Firearms, prohibited weapons, restricted weapons, prohibited devices, prohibited ammunition and components or parts designed exclusively for use in the manufacture of or assembly into automatic firearms, in this tariff item referred to as prohibited goods, but does not include the following: . . . 

    For the purposes of this tariff item,

    . . . 

    (a) “firearms” and “weapon” have the same meaning as in section 2 of the Criminal Code;

    (b) “automatic firearm”, “licence”, “prohibited ammunition”, “prohibited device”, “prohibited firearm”, prohibited weapon, restricted firearm and “restricted weapon” have the same meanings as in subsection 84(1) of the Criminal Code . . . .

    Armes à feu, armes prohibées, armes à autorisation restreinte, dispositifs prohibés, munitions prohibées et éléments ou pièces conçus exclusivement pour être utilisés dans la fabrication ou l’assemblage d’armes automatiques, désignés comme « marchandises prohibées » au présent numéro tarifaire, sauf : [...]

    Pour l’application du présent numéro tarifaire :

    [...]

    a) « arme » et « arme à feu » s’entendent au sens de l’article 2 du Code criminel;

    b) « arme à autorisation restreinte », « arme à feu à autorisation restreinte », « arme à feu prohibée », « arme automatique », « arme prohibée », « dispositif prohibé », « munitions prohibées » et « permis » s’entendent au sens du paragraphe 84(1) du Code criminel [...]

  3. Subsection 84(1) of the Criminal Code provides that a prohibited device includes, among other things, a replica firearm, which is defined as follows:

    “replica firearm” means any device that is designed or intended to exactly resemble, or to resemble with near precision, a firearm, and that itself is not a firearm, but does not include any such device that is designed or intended to exactly resemble, or to resemble with near precision, an antique firearm.

    « réplique » Tout objet, qui n’est pas une arme à feu, conçu de façon à en avoir l’apparence exacte – ou à la reproduire le plus fidèlement possible – ou auquel on a voulu donner cette apparence. La présente définition exclut tout objet conçu de façon à avoir l’apparence exacte d’une arme à feu historique – ou à la reproduire le plus fidèlement possible – ou auquel on a voulu donner cette apparence.

  4. Accordingly, in order to determine whether the good in issue is properly classified under tariff item No. 9898.00.00, the Tribunal must determine whether it meets the definition of “replica firearm” pursuant to subsection 84(1) of the Criminal Code.[5]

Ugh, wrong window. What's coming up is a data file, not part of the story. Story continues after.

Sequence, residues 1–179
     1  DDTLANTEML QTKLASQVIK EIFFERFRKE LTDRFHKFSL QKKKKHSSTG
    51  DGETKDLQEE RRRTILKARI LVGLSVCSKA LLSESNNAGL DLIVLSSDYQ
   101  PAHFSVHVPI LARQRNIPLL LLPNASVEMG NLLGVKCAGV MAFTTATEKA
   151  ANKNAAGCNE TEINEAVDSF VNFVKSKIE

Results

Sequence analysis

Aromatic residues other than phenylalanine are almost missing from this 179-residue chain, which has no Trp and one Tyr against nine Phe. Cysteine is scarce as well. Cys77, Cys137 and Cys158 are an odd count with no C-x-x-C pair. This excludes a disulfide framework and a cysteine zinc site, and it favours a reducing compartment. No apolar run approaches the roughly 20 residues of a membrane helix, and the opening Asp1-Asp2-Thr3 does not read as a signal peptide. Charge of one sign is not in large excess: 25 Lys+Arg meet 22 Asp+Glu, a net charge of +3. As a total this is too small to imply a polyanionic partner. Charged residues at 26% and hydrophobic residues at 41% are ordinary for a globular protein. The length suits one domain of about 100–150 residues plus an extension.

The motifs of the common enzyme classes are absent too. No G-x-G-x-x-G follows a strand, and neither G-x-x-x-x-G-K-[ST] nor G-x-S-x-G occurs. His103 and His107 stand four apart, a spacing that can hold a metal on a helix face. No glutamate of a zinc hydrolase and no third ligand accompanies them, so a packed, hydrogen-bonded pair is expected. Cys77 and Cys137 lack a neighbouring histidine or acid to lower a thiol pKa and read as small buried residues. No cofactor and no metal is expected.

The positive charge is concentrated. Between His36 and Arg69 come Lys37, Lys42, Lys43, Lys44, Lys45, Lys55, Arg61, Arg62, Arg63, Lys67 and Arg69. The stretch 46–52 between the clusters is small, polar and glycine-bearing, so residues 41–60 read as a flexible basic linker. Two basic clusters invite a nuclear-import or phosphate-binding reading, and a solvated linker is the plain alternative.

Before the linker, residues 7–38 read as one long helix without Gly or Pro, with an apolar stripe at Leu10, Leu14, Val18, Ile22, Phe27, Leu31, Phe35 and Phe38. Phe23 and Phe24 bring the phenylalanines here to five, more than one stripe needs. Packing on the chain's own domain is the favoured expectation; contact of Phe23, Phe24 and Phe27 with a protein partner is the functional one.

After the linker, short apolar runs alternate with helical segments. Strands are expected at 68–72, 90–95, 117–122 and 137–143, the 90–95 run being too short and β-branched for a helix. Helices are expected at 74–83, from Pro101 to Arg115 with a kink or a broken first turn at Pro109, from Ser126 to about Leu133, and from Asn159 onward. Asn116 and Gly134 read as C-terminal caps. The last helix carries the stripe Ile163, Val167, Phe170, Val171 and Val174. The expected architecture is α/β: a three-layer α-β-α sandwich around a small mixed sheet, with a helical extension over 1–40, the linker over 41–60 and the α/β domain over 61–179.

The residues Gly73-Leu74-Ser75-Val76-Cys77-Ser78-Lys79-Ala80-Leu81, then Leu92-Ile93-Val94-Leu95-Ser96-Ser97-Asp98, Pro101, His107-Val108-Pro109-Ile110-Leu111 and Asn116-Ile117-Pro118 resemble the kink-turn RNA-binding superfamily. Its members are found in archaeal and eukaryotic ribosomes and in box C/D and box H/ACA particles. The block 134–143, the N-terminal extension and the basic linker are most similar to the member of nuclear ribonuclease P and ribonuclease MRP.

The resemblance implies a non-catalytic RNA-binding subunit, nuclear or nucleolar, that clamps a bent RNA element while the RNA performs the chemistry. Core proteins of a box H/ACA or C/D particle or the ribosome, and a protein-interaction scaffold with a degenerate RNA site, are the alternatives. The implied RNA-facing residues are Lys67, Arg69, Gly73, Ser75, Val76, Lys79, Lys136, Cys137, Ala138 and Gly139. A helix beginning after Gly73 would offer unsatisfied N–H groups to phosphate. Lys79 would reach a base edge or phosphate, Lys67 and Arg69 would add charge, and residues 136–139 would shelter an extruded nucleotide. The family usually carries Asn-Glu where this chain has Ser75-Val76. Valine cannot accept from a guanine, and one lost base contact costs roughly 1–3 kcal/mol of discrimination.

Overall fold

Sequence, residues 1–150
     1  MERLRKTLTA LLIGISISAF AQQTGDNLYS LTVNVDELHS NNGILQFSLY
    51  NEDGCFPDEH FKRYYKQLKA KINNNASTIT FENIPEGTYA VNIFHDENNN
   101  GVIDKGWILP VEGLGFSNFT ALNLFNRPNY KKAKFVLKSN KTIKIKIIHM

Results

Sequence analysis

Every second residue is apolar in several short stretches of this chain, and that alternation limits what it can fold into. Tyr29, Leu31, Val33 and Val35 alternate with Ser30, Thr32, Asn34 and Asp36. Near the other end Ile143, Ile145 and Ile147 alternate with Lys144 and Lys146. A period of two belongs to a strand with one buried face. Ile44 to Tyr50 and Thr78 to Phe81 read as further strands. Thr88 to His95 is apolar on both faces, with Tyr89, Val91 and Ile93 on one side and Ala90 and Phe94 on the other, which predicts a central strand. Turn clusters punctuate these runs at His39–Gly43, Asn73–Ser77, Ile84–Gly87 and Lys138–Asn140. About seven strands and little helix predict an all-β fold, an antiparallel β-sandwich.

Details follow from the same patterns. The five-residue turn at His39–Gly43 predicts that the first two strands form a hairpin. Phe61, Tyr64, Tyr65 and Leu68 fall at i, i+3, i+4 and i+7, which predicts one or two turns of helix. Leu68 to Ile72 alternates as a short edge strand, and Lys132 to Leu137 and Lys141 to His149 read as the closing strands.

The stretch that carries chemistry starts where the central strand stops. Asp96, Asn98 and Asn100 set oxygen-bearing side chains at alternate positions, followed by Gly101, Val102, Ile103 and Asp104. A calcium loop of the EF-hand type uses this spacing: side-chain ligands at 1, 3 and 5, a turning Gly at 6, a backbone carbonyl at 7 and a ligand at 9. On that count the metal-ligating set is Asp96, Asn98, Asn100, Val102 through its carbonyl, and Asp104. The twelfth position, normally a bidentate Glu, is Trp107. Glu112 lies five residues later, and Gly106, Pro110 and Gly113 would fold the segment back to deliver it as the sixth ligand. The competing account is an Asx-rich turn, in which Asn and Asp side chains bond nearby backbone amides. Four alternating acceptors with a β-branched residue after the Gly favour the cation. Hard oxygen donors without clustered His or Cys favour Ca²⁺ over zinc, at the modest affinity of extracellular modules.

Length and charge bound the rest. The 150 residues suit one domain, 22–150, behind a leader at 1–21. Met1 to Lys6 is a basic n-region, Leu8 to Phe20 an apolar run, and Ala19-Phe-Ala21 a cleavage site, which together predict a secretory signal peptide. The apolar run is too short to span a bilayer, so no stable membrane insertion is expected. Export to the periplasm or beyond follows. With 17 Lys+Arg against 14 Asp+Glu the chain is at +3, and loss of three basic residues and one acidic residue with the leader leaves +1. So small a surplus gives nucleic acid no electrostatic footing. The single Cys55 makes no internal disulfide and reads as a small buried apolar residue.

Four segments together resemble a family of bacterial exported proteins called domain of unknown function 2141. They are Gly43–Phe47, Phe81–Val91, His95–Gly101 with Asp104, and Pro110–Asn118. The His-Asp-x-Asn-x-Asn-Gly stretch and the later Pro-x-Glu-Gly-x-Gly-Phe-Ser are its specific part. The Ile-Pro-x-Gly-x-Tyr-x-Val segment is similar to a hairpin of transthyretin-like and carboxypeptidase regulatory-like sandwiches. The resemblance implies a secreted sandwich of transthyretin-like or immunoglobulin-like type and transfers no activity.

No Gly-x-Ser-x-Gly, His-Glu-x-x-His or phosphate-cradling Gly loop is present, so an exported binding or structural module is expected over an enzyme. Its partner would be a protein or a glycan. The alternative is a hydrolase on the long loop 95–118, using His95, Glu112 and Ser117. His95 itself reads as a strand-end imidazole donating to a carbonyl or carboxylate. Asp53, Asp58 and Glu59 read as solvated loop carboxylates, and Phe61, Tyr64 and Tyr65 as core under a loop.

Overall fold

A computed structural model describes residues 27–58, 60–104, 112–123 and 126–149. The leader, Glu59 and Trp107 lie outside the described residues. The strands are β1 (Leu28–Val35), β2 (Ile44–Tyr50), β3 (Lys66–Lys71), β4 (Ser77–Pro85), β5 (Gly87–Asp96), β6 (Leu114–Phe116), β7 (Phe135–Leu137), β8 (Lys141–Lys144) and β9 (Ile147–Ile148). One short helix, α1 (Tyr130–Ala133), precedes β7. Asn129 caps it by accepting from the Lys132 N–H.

5. To be considered a replica firearm, a device must fulfil the following three conditions: (1) it must be designed or intended to exactly resemble, or to resemble with near precision, a firearm; (2) it must not itself be a firearm; and (3) it must not be designed or intended to exactly resemble, or to resemble with near precision, an antique firearm.
  6. Section 2 of the Criminal Code defines “firearm” as follows:

    “firearm” means a barrelled weapon from which any shot, bullet or other projectile can be discharged and that is capable of causing serious bodily injury or death to a person, and includes any frame or receiver of such a barrelled weapon and anything that can be adapted for use as a firearm.

    « arme à feu » Toute arme susceptible, grâce à un canon qui permet de tirer du plomb, des balles ou tout autre projectile, d’infliger des lésions corporelles graves ou la mort à une personne, y compris une carcasse ou une boîte de culasse d’une telle arme ainsi que toute chose pouvant être modifiée pour être utilisée comme telle.

  7. Subsection 84(1) of the Criminal Code defines “antique firearm” as follows:

    “antique firearm” means

    (a) any firearm manufactured before 1898 that was not designed to discharge rim-fire or centre-fire ammunition and that has not been redesigned to discharge such ammunition, or

    (b) any firearm that is prescribed to be an antique firearm.

    « arme à feu historique » Toute arme à feu fabriquée avant 1898 qui n’a pas été conçue ni modifiée pour l’utilisation de munitions à percussion annulaire ou centrale ou toute arme à feu désignée comme telle par règlement.

  8. According to subsection 152(3) of the Act and section 12 of the Customs Tariff, Mr. Meunier bears the burden of proving that the good in issue is not a prohibited device. The standard of proof is the balance of probabilities.[6]

POSITIONS OF PARTIES

Mr. Meunier